Ranji Trophy 2021-22 – Sarfaraz Khan

Sarfaraz Khan was tearfully packing his bags to move from Mumbai to Uttar Pradesh for the 2015-16 season. Having spent his entire childhood in Mumbai, Sarfaraz, then just 18, was not at all happy with his father’s decision to move to better opportunities. But his father, Naushad Khan, is also his coach and mentor, and once Naushad makes a decision, Sarfaraz doesn’t go into it.

Having already played under 14 and 16 for Mumbai, Sarfaraz made his first-class debut and started dreaming of scoring centuries for Mumbai’s seniors. There was no point in leaving his hometown.

“When I was packing all this to move to UP, and I don’t know now why I decided to move to UP, one thing I thought about was that at Under-19 we got to see videos of some of the the big players in the Mumbai Ranji shirt, hitting for centuries or lifting the trophy,” Sarfaraz told ESPNcricinfo from his home, before the IPL kicked off this year. “It was my dream to turn a century with the Mumbai Ranji shirt. So when I was packing all that, I cried thinking ‘what will happen to my future now, how will things be for me work in UP’ etc.”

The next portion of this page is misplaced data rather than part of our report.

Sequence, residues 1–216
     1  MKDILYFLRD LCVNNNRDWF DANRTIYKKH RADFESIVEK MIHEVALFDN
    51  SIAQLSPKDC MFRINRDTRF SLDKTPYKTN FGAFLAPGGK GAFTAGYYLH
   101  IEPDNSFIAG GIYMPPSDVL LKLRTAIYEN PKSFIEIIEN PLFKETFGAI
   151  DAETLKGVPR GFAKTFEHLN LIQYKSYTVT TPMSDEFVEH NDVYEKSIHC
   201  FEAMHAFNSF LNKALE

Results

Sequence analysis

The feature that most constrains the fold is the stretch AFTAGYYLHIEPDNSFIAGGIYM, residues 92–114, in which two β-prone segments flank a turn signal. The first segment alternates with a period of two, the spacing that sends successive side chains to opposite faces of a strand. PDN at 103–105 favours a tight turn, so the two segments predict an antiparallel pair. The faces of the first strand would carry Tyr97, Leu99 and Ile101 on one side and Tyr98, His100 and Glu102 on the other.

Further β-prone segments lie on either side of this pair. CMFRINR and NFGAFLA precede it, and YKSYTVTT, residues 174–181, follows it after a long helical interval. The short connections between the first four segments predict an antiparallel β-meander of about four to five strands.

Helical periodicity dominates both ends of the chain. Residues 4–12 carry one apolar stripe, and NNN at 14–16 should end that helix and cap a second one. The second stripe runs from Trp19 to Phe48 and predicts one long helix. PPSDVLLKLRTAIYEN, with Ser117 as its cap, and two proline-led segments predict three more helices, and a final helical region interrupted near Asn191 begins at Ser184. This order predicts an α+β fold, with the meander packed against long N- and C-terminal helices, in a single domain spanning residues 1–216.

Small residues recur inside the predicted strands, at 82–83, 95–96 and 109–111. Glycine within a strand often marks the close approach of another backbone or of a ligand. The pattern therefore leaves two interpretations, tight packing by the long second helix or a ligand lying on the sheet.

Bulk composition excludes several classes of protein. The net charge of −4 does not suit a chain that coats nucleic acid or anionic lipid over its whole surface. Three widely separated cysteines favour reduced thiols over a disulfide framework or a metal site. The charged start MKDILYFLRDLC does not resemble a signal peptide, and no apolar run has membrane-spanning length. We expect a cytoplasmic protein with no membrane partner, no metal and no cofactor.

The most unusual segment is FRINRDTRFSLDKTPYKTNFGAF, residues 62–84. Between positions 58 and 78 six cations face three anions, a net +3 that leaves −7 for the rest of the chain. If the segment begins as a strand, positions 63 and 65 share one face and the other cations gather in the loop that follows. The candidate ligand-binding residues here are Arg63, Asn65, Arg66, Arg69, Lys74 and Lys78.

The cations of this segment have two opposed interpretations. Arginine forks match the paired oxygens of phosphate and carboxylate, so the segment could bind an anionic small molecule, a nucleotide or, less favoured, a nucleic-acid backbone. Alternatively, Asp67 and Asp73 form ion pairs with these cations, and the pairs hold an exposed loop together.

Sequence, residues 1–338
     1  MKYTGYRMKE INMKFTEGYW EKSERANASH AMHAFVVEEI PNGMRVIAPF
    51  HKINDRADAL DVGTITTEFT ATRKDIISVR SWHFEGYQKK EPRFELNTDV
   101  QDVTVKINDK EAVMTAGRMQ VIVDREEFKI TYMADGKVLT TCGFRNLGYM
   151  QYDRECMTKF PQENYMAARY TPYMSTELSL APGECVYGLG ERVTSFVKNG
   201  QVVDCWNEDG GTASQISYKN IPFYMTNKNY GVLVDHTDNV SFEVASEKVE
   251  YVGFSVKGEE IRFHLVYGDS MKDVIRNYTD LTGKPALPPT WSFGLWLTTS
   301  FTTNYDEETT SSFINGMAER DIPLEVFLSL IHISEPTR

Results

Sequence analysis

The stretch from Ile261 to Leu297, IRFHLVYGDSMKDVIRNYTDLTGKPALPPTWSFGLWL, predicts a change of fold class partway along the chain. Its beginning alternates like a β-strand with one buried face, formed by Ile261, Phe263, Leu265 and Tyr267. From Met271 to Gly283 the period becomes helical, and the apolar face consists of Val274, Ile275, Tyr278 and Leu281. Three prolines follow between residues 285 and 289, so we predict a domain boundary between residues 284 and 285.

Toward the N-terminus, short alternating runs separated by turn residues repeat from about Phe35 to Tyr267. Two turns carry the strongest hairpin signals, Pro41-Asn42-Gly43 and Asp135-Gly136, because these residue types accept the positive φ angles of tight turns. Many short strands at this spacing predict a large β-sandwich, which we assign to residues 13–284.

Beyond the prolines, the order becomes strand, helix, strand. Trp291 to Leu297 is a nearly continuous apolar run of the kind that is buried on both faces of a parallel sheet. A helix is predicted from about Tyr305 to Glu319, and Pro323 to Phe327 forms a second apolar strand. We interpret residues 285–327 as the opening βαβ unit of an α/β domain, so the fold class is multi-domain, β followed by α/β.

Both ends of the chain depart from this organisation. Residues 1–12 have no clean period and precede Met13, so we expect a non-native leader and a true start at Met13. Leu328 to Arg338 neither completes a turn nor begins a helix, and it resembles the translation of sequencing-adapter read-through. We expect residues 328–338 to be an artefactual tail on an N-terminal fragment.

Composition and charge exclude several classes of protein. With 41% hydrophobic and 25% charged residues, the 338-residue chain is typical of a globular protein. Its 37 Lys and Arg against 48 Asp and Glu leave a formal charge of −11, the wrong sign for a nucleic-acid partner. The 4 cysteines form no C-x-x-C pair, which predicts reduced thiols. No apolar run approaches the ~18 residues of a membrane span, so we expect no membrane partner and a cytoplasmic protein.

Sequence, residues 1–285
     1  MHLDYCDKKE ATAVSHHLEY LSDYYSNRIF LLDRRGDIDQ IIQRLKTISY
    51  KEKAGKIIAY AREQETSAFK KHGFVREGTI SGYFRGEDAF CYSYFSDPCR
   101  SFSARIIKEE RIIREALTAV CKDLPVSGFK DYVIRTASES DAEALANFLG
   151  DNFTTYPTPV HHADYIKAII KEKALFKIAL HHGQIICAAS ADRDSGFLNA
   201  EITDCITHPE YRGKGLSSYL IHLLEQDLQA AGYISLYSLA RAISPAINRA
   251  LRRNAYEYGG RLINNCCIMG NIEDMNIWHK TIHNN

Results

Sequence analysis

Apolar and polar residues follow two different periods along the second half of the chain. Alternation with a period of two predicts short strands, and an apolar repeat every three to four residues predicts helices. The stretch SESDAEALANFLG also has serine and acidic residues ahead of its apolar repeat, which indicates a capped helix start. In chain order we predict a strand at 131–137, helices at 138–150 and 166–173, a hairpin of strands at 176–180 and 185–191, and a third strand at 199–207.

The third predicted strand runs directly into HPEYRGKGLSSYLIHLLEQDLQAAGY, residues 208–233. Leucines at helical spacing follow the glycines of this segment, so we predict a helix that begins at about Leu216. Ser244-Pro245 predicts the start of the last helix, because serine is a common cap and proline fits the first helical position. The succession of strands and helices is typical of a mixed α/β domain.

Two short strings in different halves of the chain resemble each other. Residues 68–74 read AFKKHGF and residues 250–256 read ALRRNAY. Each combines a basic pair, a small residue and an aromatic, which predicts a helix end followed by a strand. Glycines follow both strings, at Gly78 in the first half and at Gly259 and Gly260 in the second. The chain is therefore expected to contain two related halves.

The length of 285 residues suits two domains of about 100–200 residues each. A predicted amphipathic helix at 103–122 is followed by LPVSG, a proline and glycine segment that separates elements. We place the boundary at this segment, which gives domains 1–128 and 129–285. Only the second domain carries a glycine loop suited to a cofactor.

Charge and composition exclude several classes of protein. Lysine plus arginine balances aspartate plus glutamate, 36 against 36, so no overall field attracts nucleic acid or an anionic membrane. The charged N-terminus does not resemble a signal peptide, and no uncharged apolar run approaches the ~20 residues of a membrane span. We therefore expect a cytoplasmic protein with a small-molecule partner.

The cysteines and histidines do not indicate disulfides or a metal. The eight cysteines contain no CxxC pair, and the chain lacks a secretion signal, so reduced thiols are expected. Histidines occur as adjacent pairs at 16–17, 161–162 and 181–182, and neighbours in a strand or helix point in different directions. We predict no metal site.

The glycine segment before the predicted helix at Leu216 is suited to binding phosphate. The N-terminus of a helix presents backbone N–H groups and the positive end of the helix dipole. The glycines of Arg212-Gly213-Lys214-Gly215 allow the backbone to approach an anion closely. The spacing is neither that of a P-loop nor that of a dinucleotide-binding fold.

Sarfaraz calmed his nerves by scoring a sparkling 155 on his UP debut, but he only played three Ranji games that season as he was part of the India Under-19 roster and a World Cup was on the way in early 2016. UP, meanwhile, failed to make the Ranji knockouts that season, and painfully for Sarfaraz, Mumbai, who had not won the title since 2012-13, lifted the trophy for the 41st time.

Sarfaraz felt that he would “never come back.” Also the following season, he played in just five of UP’s eight games and averaged under 30 by just half a century. By now he was frustrated. “I said to my father: ab mereko nahi khelne ka hai idhar-udhar se, ab khelunga to mumbai se warna main cricket chhod doonga (I don’t want to play for another team anymore, if I play cricket it will be for Mumbai). And home is home. We all make mistakes and sometimes you make those decisions [of switching teams], and it feels bad so far. There I scored 60, 70 kinds of scores, so I thought I should score a lot and returned to Mumbai.”

However, returning was not so easy. According to BCCI rules, he had to serve a one-year cooling off period before he could play for Mumbai again, and Sarfaraz accumulated many runs during that period while playing club cricket in the city. It was almost as if Sarfaraz went back in time. After playing three Ranji seasons, two of the IPL and all three formats in the domestic circuit, he was now back at club cricket.

In early 2020, after five long years, he finally wore the Mumbai jersey again. But against Karnataka in the first innings, he only lasted 20 balls for eight runs.

“After I got out, I felt like I was going to be dropped,” Sarfaraz says.